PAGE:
561.311F1 Advisory Committee/1072: Telegram
The Ambassador in the United Kingdom ( Winant ) to the Secretary of State
[Received February 23—6:12 p.m.]
856. Further information obtained from the Foreign Office indicates acceptance of the position taken by Treasury economists described in my 797 of February 19, midnight. This provides that the last important contract price before resumption of substantial trade with the European Continent shall be continued until another agreement is reached, though not for more than 2 years. It also accepts provisions relating to the relief pool and to the control of production, stocks and exports. The Foreign Office economist, however, stated that he had not yet received a formal statement from Washington specifying the exact articles in attached draft convention which are to be included in the present agreement except that relating to the relief pool. There seems to be only one remaining point to be settled, and this has to do with the form and not the substance of the agreement.[Page 506]
The legal experts of the Foreign Office have objected to the present form of drafting on the ground that the memorandum of agreement is not self-contained but refers to the attached draft convention for the details of some of its most important provisions. These details would be imbedded in another long and elaborate document, large parts of which are matters for future discussion rather than matters of present agreement. The Foreign Office considers that from a political point of view the present form of drafting had important disadvantages and would complicate the task of defending the agreement in Parliament against hostile critics.
The legal experts favor drafting the agreement in the form of an interim wheat agreement the rest of which would be self-contained. Those articles in the draft convention which would be a part of the interim agreement would be given in full in the text of the interim agreement. The text would then be self-explanatory and complete and this would strengthen Ministers replying to hostile critics.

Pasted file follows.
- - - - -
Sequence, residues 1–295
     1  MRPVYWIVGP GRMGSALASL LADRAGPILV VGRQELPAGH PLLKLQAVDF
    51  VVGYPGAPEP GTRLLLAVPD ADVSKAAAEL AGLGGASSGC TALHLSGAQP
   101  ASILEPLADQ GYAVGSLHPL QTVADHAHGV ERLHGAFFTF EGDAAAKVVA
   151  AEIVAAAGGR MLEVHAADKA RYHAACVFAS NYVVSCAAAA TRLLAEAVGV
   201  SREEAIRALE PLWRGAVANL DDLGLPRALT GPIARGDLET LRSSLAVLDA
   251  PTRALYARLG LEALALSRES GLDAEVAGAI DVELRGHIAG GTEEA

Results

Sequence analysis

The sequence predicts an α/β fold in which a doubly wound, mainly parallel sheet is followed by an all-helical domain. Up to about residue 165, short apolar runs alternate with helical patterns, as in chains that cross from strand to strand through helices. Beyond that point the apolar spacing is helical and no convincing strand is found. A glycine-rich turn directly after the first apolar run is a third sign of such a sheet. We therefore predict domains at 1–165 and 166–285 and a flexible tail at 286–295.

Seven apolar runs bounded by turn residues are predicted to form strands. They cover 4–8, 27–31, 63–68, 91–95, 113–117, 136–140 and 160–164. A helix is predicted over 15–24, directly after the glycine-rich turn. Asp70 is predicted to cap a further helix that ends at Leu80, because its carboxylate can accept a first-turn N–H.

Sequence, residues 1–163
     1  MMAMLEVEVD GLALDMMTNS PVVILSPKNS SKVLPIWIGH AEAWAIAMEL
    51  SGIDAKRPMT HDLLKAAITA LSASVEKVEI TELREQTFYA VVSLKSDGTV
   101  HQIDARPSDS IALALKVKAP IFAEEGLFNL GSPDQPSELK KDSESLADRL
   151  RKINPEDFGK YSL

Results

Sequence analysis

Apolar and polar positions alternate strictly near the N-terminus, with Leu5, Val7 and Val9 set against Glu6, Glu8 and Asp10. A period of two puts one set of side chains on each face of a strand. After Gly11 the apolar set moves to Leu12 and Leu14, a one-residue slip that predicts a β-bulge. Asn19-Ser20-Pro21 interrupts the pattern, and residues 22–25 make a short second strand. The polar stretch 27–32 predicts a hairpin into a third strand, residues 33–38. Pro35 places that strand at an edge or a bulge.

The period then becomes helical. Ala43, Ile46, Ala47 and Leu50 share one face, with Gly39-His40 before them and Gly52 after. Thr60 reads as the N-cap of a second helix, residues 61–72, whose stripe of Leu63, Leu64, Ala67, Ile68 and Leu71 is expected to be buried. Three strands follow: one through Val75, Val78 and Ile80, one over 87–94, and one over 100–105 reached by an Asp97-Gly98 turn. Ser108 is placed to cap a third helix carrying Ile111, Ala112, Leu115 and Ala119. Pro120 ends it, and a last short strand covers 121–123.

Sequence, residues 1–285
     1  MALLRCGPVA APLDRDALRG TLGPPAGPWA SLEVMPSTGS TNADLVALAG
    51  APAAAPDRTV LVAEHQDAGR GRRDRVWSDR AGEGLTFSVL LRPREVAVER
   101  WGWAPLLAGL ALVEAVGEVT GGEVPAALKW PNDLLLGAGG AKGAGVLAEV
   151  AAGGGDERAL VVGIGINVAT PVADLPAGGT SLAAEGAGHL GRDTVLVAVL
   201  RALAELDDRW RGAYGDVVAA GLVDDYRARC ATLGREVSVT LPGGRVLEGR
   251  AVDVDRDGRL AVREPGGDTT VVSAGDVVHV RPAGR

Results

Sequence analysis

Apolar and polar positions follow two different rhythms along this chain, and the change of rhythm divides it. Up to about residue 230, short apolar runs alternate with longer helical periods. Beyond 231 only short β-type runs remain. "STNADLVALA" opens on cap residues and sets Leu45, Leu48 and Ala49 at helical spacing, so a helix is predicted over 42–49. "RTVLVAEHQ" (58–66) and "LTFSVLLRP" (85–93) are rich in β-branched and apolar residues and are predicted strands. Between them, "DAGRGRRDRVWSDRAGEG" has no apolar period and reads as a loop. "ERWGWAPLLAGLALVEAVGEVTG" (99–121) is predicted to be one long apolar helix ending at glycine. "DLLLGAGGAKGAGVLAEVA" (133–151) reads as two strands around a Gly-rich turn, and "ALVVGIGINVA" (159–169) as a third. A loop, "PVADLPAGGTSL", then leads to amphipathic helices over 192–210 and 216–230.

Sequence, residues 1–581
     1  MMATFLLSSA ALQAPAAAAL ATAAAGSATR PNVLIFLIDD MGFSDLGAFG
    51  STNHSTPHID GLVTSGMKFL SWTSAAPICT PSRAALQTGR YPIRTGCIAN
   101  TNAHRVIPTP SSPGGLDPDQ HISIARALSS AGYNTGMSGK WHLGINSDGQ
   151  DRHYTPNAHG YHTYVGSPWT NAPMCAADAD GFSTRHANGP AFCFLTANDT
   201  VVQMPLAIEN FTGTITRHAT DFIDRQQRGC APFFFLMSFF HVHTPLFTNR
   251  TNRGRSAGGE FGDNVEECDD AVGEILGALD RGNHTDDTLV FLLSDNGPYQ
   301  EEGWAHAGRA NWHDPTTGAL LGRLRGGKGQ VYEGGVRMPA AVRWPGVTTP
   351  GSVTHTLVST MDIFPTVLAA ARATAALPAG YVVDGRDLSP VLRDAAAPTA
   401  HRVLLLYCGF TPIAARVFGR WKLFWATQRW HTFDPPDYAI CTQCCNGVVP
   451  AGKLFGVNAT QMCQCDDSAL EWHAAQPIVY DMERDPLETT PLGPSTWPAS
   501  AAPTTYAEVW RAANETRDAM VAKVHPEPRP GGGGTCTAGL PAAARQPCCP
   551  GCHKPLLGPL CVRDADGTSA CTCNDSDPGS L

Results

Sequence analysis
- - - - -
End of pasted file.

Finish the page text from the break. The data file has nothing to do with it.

The draft convention would then be attached as constituting a basis for the discussions of the next wheat conference but it would not be necessary to refer to it in relation to the actual interim agreement.
The legal experts would also prefer that the principle of one country one vote should be adopted in the interim agreement in respect of the five signatory countries and any others that might come in before the next wheat meeting. They think the more complicated voting arrangements set out in the attached draft convention will be suitable for the more comprehensive future wheat agreement when a large number of countries are included but that they would only add unnecessary complications in the interim period.
The Foreign Office has hesitated to raise these questions because they are anxious not to be interpreted in Washington as stalling or hindering an agreement. I am convinced that there is no intention on their part of holding up agreement and that they are genuinely desirous of meeting us on the substance of our proposals. Would you let me know as soon as possible whether these modifications in the form of drafting are acceptable?.